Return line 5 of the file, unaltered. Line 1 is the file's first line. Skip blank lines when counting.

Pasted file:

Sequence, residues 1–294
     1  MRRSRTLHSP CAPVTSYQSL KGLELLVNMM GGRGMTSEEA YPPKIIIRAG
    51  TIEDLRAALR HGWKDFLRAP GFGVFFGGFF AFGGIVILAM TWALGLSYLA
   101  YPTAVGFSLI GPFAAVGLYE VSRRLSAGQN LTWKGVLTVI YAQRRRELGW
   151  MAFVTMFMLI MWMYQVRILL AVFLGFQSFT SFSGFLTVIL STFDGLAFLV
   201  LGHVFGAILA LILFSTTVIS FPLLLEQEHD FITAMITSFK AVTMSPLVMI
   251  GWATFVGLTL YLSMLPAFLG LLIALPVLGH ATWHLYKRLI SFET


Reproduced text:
   151  MAFVTMFMLI MWMYQVRILL AVFLGFQSFT SFSGFLTVIL STFDGLAFLV